Rec. 2020 is still very new and can display an insane amount of colors compared to Rec.709 as it uses 12-bit color processing as opposed to the 8-bit of Rec.709. This results in billions of more colors. However, there is not a single consumer display that can display the full spectrum of Rec. 2020. Because of this, Rec. 2020 is used as a “container” for other color spaces like P3 and then is paired with an HDR gamma like HLG (Hybrid Log-Gamma) to accurately display the P3 color space on a consumer 4k HDR screen.
I know, my brain hurts too. The TL;DR is that you should always edit in Rec. 709, with a gamma of 2.4, and a white point of 6500k (D65) so that your content can be displayed the best on multiple displays and have the least amount of color shifting issues. Now, don’t go looking around Premier for these settings or change your Mac’s display profile. In order to accomplish our goal, you must have the right tools.
The best monitors for editing and color grading
Having an accurate monitor is an absolute necessity for creating beautiful color grades. Not only will your videos look stellar but your speed and efficiency will greatly increase as you will no longer have to export and then re-grade your color based on what you are looking at on your iPhone. When I began my career in post-production I would routinely have to adjust my color to the average of all my devices I had. I would export, view my video on my iPad and Mac Book, make small adjustments, re-export, then repeat until I got the video to a good place. It was a massive time waster. Now, I can edit, color, then export with zero worry about whether my color is accurate since I now have a color-accurate screen.
The Low-Tier Solution: ASUS ProArt
Finding the best monitor for color grading when you have a small budget is a hard task, though, not impossible. My recommendation is the ASUS ProArt PA278QV. This is an absolutely wonderful monitor and has all the specs you would want and need for accurate color grading. And for around $300, there isn’t a better monitor money can buy at this price point. Asus makes some of the best panels in the business and the ProArt range is no exception. This monitor is made specifically for industries that require accurate color reproduction… like video creation!
The Mid-Tier Solution: BenQ PD2725U
Though primarily made for designers and graphic artists, this monitor by BenQ can be accurately calibrated to Rec. 709 with no issue. Last time I calibrated this monitor I was able to get it to match our $5000 Sony PVMA250 almost perfectly. Many colorists in LA I know use this as their monitor for their DaVinci Resolve software and pair it with a Sony PVMA250 as their reference monitor. And the best part is… it’s only $949. Yeah, I know, that’s still an investment but it is 100% worth it and you will not find a better monitor at this price.
The High-End Solution: SmallHD OLED 22″ 4K Reference Monitor
Yep! I just mentioned this monitor in the last section. This is the standard for reference monitors. I LOVE this guy. To get the absolute best color grading, this monitor is a necessity and is a borderline “industry standard.” I usually hate referring to certain items as “industry-standard” but I have never been to a post facility or film set where they didn’t have one of these. Once properly calibrated, the amazing contrast of the OLED panel and the color range this monitor can reproduce is staggering. You truly have to see it to believe it.
There are slightly cheaper alternatives to SmallHD. FSI makes a comparable monitor (FSI DM240) but unfortunately, I would highly advise against buying anything from FSI. Back when I worked at my old studio, we had constant issues with FSI products. They were impossible to calibrate, had terrible panel uniformity, would randomly turn off when in use, and the monitors would make audible noise. The worst of which was their $14,000 XM651U which would not even turn on half the time. Granted, this was over 4 years ago so perhaps their quality control has improved. However, until they send me a monitor to review and show me that their QC has drastically improved. I cannot recommend FSI.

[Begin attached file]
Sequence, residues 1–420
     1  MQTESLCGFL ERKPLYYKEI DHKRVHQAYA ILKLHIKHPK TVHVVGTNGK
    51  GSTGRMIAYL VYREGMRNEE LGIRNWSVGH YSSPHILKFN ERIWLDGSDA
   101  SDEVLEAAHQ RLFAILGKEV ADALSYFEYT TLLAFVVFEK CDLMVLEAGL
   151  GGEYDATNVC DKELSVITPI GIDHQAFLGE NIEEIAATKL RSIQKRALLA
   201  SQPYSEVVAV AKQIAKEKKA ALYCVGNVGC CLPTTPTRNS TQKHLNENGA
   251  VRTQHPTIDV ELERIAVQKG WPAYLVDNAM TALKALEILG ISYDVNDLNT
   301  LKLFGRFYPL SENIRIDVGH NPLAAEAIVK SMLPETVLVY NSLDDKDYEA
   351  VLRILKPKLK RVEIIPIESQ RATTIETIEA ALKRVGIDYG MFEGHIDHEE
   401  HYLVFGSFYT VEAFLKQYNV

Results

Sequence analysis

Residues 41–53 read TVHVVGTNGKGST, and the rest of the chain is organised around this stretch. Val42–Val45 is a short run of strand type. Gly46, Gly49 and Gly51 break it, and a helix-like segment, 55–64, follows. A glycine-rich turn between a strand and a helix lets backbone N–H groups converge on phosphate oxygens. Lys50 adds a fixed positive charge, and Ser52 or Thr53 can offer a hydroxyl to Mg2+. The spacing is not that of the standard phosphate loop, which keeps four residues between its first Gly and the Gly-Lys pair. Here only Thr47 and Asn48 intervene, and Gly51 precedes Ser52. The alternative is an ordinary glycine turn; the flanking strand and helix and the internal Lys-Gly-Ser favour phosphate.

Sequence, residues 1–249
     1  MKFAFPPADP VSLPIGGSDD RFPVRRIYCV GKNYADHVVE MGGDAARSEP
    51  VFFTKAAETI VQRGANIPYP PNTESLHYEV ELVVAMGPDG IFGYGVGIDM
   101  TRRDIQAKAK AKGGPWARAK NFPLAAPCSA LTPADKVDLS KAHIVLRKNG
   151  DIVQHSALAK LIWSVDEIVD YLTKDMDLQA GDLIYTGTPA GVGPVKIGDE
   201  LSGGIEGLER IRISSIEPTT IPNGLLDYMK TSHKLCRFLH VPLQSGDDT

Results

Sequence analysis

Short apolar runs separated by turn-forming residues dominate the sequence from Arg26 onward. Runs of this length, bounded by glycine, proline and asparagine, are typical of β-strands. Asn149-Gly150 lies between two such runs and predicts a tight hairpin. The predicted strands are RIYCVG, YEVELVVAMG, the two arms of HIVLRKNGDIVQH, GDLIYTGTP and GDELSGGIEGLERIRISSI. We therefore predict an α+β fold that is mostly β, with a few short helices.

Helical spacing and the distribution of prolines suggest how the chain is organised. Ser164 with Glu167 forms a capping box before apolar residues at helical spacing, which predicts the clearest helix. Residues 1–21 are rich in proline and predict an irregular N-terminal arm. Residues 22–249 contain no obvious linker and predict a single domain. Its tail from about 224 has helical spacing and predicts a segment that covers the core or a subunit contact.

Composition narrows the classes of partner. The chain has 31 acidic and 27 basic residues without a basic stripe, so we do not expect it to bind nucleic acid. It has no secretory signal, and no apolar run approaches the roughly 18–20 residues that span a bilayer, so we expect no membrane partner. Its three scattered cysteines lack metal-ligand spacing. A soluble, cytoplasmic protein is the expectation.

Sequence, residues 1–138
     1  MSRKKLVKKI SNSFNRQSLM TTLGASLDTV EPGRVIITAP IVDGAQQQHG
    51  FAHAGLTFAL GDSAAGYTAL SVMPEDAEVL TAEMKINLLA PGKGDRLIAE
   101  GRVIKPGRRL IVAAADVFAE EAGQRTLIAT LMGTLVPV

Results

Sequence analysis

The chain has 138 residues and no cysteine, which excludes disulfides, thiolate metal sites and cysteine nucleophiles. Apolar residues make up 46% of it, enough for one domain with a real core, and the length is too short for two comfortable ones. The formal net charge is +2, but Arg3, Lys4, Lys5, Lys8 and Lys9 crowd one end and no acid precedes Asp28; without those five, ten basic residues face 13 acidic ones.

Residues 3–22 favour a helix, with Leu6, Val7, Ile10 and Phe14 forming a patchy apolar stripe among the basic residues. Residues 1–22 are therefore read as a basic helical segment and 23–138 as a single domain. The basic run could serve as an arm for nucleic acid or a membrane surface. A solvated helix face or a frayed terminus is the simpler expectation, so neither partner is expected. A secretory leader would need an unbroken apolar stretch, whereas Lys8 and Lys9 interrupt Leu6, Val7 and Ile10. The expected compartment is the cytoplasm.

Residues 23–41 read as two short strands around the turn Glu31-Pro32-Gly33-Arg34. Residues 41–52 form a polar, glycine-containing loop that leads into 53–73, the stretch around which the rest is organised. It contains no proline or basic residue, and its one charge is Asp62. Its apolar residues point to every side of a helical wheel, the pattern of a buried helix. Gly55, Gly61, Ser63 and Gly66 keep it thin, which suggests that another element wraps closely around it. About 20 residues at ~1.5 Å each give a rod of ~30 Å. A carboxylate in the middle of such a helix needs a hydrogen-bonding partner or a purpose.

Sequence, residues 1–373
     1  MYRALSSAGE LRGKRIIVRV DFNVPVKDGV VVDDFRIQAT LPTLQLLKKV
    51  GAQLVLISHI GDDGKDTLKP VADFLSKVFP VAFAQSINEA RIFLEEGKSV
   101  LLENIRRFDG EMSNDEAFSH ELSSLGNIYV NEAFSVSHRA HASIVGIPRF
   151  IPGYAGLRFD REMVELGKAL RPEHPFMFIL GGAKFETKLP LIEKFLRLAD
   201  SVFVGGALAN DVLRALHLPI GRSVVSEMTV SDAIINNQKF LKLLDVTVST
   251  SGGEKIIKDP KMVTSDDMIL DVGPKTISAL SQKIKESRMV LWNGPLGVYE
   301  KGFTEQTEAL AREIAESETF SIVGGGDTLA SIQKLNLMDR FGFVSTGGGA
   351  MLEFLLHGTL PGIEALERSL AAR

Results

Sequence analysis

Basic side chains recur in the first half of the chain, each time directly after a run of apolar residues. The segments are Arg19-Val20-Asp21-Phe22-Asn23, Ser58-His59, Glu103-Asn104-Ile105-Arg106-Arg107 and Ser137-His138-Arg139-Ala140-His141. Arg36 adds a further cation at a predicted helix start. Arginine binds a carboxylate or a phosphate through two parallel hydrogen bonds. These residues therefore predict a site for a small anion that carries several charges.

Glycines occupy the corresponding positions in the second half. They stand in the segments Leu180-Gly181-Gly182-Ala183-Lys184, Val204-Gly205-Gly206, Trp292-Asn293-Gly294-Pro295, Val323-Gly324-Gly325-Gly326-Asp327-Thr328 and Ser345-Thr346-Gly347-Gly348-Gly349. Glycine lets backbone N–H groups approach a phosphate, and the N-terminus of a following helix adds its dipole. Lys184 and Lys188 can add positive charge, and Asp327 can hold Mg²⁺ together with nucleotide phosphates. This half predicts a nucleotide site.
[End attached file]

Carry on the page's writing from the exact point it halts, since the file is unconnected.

If you own a MacPro, I would 100% recommend their Pro Display XDR. This monitor is a game-changer and almost replaces the need for a reference display like the Sony. I know a handful of colorists here in LA who have that panel and love it.
Accessories: Calibration tools and video outputs
Having an accurate monitor is only the first step in getting proper color. You must invest in a high-quality calibration tool like the Calibrite ColorChecker Display Plus. In my opinion, this is the best tool for PC monitors. For calibrating the PVMA250 or other cinema displays, you need to hire a professional. If you are based in SoCal, the folks at Avical are the absolute best, extremely professional, and know their craft better than anyone.
If you intend to use your monitor as a reference monitor (meaning it will only display the video and nothing else), it is a requirement to buy a clean video output connector. Plugging in your monitor directly to your computer (Mac or PC) is not a good idea as the operating system will apply its color profile to your image. Additionally, most graphics cards only support an 8-bit output meaning you are not able to get the most from your monitor. To circumvent this buy either a PCI-e or Thunderbolt dedicated HDMI/SDI output. SDI is always the best choice but if your monitor does not have SDI, a clean HDMI output will suffice.
For PC (or MacPros): Blackmagic Design DeckLink Mini Monitor 4K
For Macs: Blackmagic Design UltraStudio Mini Monitor (does not output 4K unfortunately)
That was a lot. I know. But I hope I gave you the information you need to succeed and make the best purchase using your hard-earned money. Color is by far one of the more complicated sectors of post-production so don’t fret if you don’t understand everything. You will eventually. If you have a question, leave a comment below!